Looking back at Picatinny: Cannon Gate
February 18, 2009
PICATINNY ARSENAL, N.J. - An installation landmark since 1885 is missing from Picatinny. Installation officials have sent out the Cannon Gate, which commuters and visitors pass through nearly daily, for restoration.
Here is a photo of the gate from World War II, shortly before this section of Parker Road expanded to its present three lanes.
If you cannot see the iron work for a time, you will probably still see snow and definitely still see Picatinny's speed-limit signs.
The Cannon Gate has been a Picatinny landmark almost for 124 years.
Thomas Robinson, a mason for what was then the United States Powder Depot, did the stone work and set the guns in August 1884 for $2.75 per day. Then, Cornell Iron Works of New York City provided the iron gates in 1885 for the then-mighty sum of $475.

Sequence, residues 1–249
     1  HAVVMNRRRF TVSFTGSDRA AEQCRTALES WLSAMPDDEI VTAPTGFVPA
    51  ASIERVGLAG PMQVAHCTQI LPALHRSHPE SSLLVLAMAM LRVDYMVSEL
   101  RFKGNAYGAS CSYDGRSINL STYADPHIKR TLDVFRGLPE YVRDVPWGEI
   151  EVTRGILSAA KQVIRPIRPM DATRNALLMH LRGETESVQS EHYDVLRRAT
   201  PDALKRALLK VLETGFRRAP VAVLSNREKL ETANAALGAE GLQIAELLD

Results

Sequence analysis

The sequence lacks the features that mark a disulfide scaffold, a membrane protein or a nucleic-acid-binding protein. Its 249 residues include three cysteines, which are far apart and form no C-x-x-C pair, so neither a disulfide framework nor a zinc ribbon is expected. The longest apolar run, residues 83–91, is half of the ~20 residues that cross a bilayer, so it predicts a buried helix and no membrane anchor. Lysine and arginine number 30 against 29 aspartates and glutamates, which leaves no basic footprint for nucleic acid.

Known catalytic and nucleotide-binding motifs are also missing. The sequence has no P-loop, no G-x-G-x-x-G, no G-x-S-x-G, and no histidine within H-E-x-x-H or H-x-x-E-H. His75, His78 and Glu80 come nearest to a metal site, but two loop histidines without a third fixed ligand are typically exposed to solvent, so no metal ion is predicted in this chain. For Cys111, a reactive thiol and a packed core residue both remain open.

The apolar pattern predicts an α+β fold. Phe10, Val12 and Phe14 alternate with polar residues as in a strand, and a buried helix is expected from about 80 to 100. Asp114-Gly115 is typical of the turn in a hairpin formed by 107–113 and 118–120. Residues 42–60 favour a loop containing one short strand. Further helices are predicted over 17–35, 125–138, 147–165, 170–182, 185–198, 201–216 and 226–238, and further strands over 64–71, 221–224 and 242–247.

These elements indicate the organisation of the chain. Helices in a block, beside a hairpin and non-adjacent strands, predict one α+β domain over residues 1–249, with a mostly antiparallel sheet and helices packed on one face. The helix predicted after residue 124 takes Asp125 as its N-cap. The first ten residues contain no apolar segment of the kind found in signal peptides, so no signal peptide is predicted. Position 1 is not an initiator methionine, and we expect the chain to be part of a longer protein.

The four gate posts are 8-inch Columbian cannons made by the West Point Foundry in 1855. The cannon balls with flames that top them represent the United States Army Ordnance Department, the organization that had charge of the depot. Its seal is on both gates.
Picatinny widened the gate to handle increased traffic during World War II.
Then, the gate ceased to be the entrance to the arsenal when land purchases in 1941, which included the unincorporated village of Spicertown, moved the south boundary to Route 15 and the present Main Gate.